The Things They Carried
Love is something that everyone desires, but when the thought of love takes over your thought process; it can be very dangerous. First Lieutenant Jimmy Cross knows the feeling of love and its dangerous effects. Lieutenant Cross is currently at war in Vietnam and he is repeatedly visited by the thought of his lover Martha. Martha is a student at Mount Sebastian College in New Jersey, and this is where the lieutenant fell in love. He took her to a movie and during the movie he felt her knee, but she disapproved.
After the movie, he kissed her before dropping her off, and the image of his lips pressed against hers was the start of one of many distractions in the war. Memories of love can be a motivation but mainly a distraction at the same time. Every night after the lieutenant’s platoon had finished traveling, Cross would dig himself a foxhole and sit reading Martha’s letters to him, fantasizing that they were love letters.
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During these sessions in his foxhole, he would imagine them traveling together on long romantic trips to the White Mountains of New Hampshire. When he was finished reading the letters, he would read, “Love Martha. He wished that her saying love meant that she loved him as much as he loved he loved her, but he knew that it did not mean what he pretended it to be. After reading all of the letters, “He would sometimes taste the envelope flaps, knowing that her tongue had been there” (O’Brien 2). This is only one of the many excessive thought he would do because he loved Martha so much. Instead of commanding his men to be on night patrol or be aware, his love for Martha would distract him and grasp hold of him refusing to let go until he was willing to relinquish the fantasy of Martha’s love.
In the first week of April, before one of the lieutenant’s men, Lavender, had been shot, Cross received a good luck stone from Martha. A simple pebble found by the seashore, but that pebble was far from a simple pebble and a good luck charm to Lieutenant Cross. Instead, that pebble was the biggest distraction to Cross so far. When she found the pebble she wrote to him, “…Found the pebble on the Jersey shoreline, precisely where the land touched water at high tide, where things came together but also separated” (O’Brien 4).
When Martha wrote separate-but-together, it made Cross think that it was romantic, and therefore a humongous distraction. He pictured what she looked like bending over to pick up the small pebbles at the shoreline, but then he wondered who she was with. He became jealous and wished he had been there when she found the pebble. Later in the war, he was unable to keep his mind in the battle. He would yell out to his men to keep their eyes open, and then the next second his mind would slip into a day dream of how he wished that he was on the shoreline with Martha; distracting him once again.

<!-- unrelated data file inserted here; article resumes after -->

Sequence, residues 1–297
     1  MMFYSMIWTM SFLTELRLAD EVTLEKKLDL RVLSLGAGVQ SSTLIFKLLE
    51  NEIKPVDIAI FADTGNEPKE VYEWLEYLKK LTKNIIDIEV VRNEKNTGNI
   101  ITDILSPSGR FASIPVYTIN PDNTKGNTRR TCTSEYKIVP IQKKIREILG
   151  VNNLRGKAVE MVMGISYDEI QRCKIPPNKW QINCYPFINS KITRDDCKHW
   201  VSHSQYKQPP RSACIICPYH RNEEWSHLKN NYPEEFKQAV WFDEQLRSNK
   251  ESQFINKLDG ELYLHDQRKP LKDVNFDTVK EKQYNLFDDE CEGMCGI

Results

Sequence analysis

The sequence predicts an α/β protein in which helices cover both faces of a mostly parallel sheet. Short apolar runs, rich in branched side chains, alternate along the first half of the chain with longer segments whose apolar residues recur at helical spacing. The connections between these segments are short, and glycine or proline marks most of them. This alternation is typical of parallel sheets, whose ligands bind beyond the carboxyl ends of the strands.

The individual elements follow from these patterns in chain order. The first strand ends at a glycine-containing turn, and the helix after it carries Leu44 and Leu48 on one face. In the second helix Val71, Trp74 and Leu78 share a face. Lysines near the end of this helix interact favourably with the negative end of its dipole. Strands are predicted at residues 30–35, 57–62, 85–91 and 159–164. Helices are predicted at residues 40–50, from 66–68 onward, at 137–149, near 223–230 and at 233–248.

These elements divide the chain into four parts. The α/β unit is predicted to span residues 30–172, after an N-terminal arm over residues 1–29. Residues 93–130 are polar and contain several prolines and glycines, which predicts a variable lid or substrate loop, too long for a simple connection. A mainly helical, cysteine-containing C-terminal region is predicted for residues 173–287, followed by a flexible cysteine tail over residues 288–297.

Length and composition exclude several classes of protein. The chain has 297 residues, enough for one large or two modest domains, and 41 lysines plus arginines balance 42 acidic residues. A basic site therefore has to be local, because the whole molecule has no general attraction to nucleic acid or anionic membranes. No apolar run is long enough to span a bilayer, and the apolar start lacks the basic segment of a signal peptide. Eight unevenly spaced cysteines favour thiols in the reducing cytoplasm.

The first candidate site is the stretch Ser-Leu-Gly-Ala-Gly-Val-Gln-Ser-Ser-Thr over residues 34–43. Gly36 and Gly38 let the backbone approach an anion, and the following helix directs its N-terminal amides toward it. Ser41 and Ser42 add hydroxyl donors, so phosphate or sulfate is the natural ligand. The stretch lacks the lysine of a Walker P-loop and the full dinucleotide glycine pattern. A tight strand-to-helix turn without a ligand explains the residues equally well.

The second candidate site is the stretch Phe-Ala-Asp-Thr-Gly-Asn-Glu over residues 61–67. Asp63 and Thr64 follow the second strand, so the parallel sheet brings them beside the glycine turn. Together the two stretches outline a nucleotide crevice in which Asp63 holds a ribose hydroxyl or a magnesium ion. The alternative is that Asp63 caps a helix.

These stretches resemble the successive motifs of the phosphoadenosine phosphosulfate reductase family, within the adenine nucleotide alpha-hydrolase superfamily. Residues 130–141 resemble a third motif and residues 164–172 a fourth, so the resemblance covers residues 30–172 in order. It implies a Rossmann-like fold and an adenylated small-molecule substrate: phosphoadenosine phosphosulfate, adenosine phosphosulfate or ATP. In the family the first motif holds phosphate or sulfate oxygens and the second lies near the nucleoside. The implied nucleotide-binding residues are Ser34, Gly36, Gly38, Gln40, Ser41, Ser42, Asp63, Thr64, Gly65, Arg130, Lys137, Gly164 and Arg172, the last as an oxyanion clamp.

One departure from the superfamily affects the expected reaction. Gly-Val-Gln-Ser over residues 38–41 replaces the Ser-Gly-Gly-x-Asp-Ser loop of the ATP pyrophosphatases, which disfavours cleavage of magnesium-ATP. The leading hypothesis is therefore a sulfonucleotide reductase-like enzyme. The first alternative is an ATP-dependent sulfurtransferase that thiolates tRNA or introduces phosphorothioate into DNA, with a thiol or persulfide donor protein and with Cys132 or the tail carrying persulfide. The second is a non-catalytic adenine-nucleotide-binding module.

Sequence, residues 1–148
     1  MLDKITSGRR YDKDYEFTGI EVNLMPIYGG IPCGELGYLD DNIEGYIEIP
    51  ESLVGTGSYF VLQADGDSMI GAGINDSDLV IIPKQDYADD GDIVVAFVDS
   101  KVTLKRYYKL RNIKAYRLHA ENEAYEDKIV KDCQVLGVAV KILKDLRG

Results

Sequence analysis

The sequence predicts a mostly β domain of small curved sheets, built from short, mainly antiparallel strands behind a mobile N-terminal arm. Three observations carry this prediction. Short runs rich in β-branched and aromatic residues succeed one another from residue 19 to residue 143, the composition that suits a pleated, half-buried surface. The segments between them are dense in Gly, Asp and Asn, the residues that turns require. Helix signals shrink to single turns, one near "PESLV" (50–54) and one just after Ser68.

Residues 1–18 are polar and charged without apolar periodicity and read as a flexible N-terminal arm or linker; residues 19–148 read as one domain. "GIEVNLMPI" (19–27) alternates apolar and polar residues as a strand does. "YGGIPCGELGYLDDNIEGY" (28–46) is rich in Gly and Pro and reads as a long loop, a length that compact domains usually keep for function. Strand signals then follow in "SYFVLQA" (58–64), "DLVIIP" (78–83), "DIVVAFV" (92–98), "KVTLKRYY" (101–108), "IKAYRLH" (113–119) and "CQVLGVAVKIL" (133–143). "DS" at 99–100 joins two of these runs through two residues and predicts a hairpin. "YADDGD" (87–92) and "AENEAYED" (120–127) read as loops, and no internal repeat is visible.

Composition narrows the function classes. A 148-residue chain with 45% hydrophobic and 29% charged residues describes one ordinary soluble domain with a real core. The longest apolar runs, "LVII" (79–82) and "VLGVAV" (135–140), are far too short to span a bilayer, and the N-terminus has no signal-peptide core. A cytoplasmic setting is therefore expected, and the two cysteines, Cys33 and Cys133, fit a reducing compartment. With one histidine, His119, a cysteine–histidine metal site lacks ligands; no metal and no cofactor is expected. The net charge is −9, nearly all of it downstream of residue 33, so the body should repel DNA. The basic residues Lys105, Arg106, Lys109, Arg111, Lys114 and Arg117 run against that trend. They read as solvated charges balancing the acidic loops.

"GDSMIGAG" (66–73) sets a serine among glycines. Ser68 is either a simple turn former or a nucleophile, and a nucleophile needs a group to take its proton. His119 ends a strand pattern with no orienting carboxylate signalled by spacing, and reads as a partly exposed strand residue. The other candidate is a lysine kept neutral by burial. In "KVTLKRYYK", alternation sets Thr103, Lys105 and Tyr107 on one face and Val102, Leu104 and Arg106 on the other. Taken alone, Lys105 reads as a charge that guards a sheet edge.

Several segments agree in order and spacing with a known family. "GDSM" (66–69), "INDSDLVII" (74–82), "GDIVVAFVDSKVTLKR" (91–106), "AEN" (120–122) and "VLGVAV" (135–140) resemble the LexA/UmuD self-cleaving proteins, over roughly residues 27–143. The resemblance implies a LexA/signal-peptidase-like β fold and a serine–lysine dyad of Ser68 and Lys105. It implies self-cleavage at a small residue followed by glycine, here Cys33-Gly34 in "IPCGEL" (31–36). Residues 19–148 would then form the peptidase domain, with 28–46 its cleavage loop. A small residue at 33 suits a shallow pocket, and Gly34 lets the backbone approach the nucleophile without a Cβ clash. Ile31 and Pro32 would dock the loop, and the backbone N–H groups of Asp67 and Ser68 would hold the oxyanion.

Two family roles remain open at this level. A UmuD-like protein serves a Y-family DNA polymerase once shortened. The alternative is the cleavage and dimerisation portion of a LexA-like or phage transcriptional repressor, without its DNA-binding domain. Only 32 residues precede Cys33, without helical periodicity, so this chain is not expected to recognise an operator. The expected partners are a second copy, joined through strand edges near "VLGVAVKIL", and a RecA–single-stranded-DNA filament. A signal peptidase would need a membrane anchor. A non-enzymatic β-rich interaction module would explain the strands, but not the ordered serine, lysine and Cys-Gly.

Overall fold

In the same day that Lavender was killed in the war, the lieutenant and his men leaned over a tunnel to investigate it, when all of a sudden the tunnel collapsed with him and his soldier Lee Strunk still in it. The accident happened so quickly burying them and then his love for Martha consumed his thoughts, “He tried to concentrate on Lee Strunk and the war, and all the dangers, but his love was too much for him, he felt paralyzed” (O’Brien 5). He was not paralyzed by the crushing rocks, but by the crushing of his obsessive love and how he wishes to be with her.
This distraction nearly took his and Lee Strunk’s life. Lieutenant Cross’ all-consuming love for Martha did not survive much longer. The next day when the helicopter came to resupply and pick up Lavender’s dead body, Cross had a realization. He realized that Martha has been a distraction in the war, and his distraction cost Lavender his life. After the helicopter took off, Cross went into a mental breakdown. He dug himself his usual foxhole, but instead of reading Martha’s letters, he burned them because, “He felt shame. He hated himself.
He had loved Martha more than his men and as a consequence Lavender was now dead, and this was something he would have to carry like a stone in his stomach for the rest of the war,” (O’Brien 124). Cross finally realized that Martha was holding him back from his duty as a lieutenant. He knew that burning her letters would not bring Lavender back, or even stop him from loving her, but he knew that it would help him stay more focused on the war and his men by no longer having the tangible evidence of his fantasy in his possession.
After that night, he took more command of his soldiers and spoke to them with confidence as a leader. He mapped out a new route for them to take and was much more cautious. His men knew that he was in charge and that he would not let another one of his soldiers fall if he could help it. Lieutenant Cross’ immense love for Martha was a huge distraction that nearly cost him his life. It cost Lavender his life and could have potentially cost more lives if Lieutenant Cross did not realize that his love for Martha was such a distraction.
Many soldiers, like Cross, Cling to a loved one at home, making the horrors of war tolerable knowing someone at home cares if they return. Cross’ love is dangerous as a distraction, but also as a fragile thread based on hope rather than reality. He needs that love to function should he return home safely, but in building his hopes for post-war happiness he is distracted from his present. Love is a powerful force which needs to be used as a motivation and not a distraction. If Cross would have used love as a motivation instead of a distraction, he would have always led his men with confidence and potentially saving Lavender’s life.